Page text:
Spring harvest is over, but not the work

It is interesting how gardening changes from year to year.  For example, some years you can tell when spring is over when the lilacs are at the end of their bloom.  Not this year.  In our area the lilacs bloomed very early and then we had a killing frost that not only ended the bloom, but also damaged early fruit blossoms.

Although some gardeners continue to pick rhubarb well into the summer, harvest should end the first part of July.  This is especially true if the patch is a fairly new one. Be sure to continue to cut off stalks that have gone to seed.  Rhubarb plants require a lot of organic matter and large amounts of balanced complete fertilizer.  Top dress with well-rotted manure or mulch in the fall.  Continue to keep the patch weed free and if you need to move or rejuvenate the patch wait until next spring.

Asparagus is another spring crop where the harvest should be winding down the first part of July.  It should not be harvested hard until the fourth or fifth year of growth and if the ferns are very small, they shouldn’t be harvested at all.  Leave the ferns to grow so they can rejuvenate the roots going into the long cold winter.  Cut the ferns after they have frozen and dried in late fall or leave them over winter  to help collect snow for next spring.  Whenever you cut the ferns, remove and destroy in case there are insects or disease in the stalks.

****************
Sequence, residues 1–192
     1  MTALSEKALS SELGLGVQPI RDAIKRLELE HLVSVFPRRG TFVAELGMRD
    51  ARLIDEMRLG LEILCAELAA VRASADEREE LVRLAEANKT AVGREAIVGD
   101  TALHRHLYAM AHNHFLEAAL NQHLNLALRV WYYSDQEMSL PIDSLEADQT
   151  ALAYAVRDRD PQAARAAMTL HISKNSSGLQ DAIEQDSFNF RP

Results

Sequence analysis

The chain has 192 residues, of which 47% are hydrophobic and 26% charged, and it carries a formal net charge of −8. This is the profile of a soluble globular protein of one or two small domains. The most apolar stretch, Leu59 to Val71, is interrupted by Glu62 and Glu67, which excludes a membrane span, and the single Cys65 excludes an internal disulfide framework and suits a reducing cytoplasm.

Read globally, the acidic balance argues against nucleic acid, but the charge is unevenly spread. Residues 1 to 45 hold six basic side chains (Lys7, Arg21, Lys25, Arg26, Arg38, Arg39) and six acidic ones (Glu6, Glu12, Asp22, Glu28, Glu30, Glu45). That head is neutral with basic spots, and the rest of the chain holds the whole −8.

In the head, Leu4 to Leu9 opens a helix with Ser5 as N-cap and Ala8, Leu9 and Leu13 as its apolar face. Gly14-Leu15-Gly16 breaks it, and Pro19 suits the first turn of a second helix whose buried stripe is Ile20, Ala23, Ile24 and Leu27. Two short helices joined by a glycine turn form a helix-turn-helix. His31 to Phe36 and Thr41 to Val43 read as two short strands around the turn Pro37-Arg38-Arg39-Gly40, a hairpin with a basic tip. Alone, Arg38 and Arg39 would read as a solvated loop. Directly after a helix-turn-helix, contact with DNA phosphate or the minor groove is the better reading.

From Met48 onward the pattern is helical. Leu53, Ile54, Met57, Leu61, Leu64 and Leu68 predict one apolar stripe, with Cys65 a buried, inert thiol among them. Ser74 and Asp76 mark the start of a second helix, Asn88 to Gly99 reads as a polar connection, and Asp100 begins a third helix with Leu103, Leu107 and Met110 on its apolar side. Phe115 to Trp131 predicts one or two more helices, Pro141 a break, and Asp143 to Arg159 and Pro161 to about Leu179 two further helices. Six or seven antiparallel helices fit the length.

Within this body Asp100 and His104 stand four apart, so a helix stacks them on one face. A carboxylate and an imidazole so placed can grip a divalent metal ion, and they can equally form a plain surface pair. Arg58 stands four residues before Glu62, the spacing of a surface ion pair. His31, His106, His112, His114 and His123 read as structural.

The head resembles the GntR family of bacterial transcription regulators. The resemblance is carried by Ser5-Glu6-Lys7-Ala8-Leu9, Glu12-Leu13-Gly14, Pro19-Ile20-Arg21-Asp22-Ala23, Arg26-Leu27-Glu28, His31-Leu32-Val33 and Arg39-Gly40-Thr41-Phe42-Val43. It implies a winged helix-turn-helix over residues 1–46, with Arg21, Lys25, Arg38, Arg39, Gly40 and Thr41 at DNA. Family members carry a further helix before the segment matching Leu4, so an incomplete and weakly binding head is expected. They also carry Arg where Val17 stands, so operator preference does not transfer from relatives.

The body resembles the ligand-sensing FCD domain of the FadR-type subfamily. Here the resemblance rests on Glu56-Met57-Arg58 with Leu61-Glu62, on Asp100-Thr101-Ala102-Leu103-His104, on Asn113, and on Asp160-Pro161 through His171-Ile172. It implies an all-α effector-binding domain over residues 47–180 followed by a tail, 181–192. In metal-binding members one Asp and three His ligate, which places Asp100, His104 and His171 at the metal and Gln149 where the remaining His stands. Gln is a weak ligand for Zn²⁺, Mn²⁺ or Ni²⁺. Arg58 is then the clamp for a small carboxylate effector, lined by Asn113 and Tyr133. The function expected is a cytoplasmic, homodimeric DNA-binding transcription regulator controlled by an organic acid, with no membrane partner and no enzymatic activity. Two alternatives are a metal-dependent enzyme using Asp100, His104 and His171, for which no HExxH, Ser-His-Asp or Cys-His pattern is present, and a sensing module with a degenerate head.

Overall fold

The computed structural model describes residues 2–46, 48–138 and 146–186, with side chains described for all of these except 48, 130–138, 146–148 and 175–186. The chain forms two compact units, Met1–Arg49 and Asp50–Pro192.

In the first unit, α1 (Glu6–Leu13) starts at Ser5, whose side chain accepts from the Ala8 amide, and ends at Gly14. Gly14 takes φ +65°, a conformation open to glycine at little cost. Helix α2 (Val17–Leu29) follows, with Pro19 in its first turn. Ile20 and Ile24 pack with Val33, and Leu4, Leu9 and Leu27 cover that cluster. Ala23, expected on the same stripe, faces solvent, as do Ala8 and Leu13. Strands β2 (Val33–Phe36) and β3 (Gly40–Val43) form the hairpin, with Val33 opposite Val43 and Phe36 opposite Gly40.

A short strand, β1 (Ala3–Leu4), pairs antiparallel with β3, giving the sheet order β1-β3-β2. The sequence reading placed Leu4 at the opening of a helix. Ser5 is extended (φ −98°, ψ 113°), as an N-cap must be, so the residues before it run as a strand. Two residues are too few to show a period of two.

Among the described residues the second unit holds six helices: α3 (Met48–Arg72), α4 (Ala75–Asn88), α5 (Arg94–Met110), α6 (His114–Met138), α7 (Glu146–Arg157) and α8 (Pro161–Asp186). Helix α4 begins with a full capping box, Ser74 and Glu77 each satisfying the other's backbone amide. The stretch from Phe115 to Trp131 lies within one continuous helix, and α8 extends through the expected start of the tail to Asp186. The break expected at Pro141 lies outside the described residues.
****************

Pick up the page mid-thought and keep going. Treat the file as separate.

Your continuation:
There is still lots of work to do in the asparagus patch.  Keep the weeds out of the patch, even though this gets more difficult as the patch ages.  Also, don’t let the patch dry out as stress always invites insects and disease.  You need to keep looking for the asparagus beetle.  This orange colored insect likes to eat the ferns especially the small ones. It can defoliate the ferns and can kill the plant if the problem is severe.  This beetle lays black eggs on the tips of the spears. This distorts  the spears into the shape of a shepherds crook, making the spear unacceptable for harvest.  If you are into spraying, be sure to buy an insecticide that says it controls the asparagus beetle. I use a product called Eight by Bonide which seems to be fairly effective. After harvest, add nitrogen fertilizer that will help fern development. The bushier the asparagus, the better the yield next year.

Governor Mark Dayton has proclaimed July 19 as University of Minnesota Extension Master Gardener Volunteer Day in Minnesota!   The program began here 35 years ago and currently there are more than 2200 active Master Gardeners in nearly all Minnesota counties who volunteer over 130,000 hours annually.

 

up arrow